“Our board isn’t happy. It seems we don’t burn cash fast enough…” This rather strange quote belongs to a Belgian entrepreneur, working in Silicon Valley. An intriguing observation. Here’s another: opposed to any living organism, from microbes to baobab trees, there is no natural, intrinsic size for companies.
At first glance, these two observations don’t have much in common. But in fact, they do. Moreover, their connection is highly relevant, especially for start-ups.
If a child is born, the size of this new human being is more or less predetermined. Sure, there will be differences, depending on race, gender, place of birth and not in the least hereditary disposition (seize of parents and ancestors). But the differences between people of normal posture remain relatively limited. Especially when compared to companies.
In my home town, I am a loyal customer of a grocery shop that has been there for 3 generations. I imagine the initial shop wasn’t all that different from the grocery shop that opened in 1887 in a small Dutch village called Oostzaan. The shopkeeper in Oostzaan, however, lived by the name of Jan Heijn. That name might ring a bell. The shop in Oostzaan eventually grew to become the Albert Heijn supermarket imperium we know today. The difference between the shop in my home town and that in Oostzaan is infinitely bigger than that between a 1,55m jockey and a basketball player measuring 2,15m.
Every living organism has a build-in predestined size. Companies don’t. Companies do not have a ‘gene’ that defines their posture. Although almost every entrepreneur does have the undefined feeling that his company is bound to certain ‘natural’ limits, that are almost impossible to surpass.
Well, there aren’t.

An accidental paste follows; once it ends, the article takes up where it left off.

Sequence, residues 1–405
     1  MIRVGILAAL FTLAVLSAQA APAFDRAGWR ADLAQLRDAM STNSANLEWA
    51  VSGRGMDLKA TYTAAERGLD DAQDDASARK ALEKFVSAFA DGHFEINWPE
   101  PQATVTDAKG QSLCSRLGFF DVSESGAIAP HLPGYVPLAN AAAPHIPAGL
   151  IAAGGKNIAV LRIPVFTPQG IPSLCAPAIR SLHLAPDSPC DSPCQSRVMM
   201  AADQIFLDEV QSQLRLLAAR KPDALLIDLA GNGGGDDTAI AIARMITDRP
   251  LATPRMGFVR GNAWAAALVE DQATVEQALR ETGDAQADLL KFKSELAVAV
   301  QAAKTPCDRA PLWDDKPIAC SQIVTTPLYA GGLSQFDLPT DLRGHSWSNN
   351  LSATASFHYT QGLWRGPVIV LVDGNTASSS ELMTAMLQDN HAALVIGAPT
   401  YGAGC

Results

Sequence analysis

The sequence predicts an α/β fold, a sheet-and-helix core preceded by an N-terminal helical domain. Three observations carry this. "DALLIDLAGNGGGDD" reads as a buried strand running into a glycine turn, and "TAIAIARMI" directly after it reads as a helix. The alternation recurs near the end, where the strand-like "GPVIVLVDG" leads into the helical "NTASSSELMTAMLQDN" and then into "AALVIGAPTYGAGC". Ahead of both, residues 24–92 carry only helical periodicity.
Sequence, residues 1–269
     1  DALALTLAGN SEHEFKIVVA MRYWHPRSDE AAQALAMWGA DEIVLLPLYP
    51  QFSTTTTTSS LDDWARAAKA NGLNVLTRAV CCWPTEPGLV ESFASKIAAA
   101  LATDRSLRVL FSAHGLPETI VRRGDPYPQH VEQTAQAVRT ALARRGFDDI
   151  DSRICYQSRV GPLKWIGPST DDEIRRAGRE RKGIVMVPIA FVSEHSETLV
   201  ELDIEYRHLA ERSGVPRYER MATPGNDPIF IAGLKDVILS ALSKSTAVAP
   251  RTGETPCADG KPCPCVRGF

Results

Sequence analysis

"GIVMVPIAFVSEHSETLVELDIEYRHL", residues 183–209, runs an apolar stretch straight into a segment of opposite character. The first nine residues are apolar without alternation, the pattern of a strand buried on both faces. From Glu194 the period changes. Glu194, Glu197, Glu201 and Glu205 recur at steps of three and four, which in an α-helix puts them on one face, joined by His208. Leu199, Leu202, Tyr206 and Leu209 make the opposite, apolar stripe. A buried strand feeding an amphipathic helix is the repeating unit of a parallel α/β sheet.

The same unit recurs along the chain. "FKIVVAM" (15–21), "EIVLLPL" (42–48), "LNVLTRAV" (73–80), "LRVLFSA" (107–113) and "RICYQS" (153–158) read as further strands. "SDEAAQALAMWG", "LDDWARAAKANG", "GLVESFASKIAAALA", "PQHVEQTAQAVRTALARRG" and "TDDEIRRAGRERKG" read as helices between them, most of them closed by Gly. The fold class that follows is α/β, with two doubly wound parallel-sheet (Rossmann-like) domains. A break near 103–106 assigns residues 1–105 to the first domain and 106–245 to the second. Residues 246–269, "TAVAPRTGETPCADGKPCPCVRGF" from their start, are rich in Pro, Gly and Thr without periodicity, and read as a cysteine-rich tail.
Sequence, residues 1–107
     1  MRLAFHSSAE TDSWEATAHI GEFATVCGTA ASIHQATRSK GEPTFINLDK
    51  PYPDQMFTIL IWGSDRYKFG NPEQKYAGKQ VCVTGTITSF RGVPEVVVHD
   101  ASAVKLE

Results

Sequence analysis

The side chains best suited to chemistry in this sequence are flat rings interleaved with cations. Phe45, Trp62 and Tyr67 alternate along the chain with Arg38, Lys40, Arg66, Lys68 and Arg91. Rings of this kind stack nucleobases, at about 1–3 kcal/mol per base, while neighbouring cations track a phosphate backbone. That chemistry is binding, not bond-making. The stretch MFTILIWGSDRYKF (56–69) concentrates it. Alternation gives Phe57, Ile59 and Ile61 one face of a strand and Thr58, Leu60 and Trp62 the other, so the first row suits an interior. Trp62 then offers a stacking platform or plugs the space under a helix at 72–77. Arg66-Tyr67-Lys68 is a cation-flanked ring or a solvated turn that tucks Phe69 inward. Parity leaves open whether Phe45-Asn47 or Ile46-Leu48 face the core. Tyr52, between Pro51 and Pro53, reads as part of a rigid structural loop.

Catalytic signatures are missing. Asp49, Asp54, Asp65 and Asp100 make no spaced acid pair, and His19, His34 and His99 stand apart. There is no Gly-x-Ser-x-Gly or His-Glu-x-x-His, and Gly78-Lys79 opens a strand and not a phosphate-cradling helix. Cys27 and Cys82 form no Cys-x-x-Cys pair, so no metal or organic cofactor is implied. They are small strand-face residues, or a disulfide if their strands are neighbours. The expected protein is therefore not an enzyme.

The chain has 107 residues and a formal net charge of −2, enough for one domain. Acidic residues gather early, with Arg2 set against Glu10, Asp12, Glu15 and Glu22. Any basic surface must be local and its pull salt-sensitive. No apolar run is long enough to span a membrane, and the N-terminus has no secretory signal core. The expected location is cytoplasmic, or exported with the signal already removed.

Since there is no ‘gene’ that limits their growth, how is it possible that there are so few large companies? Why does a majority of enterprises remain small or at best reach a medium size? Obviously, some companies will never grow because there is no basis to build from. Because of a poor product portfolio or inadequate customer service, for instance. However, we found that an important number of companies that were doing extremely well suffered from an unexpected stand still. In search for the root causes, we discovered that, strangely enough, it was the growth itself that caused the status quo.
Our society has missed out on an astonishing number of large companies, because, at a certain stage in their growth process, they weren’t able to overcome their growing pains. Why do so few companies succeed in overcoming these hurdles? The fair answer is that these growing pains are dirty little devils. They disguise themselves and tend to keep on coming back in ever changing forms and shapes. More importantly even, they are protected by something that is printed in the human psyche: the force of habit. In our book ‘The Growth Paradox’ we have unmasked 10 of the most common growing pains. It can help start-ups keeping their wits about them.
"Growing pains are dirty little devils"
The quote on cash burning we started with, refers to one of these growing pains. Let’s be clear. We don’t believe that the Silicon Valley model should be implemented in our country. We simply don’t have the environment that matches this venture capitalist based model. The strange urge to burn cash as fast as possible in the average ‘valley company’, however, actually refers to one important growing pain. Companies tend to stay with their organizational structure and modus operandi, even though a larger company needs an entirely new set-up. And that is exactly what the board of the Belgian entrepreneur in Silicon Valley was referring to.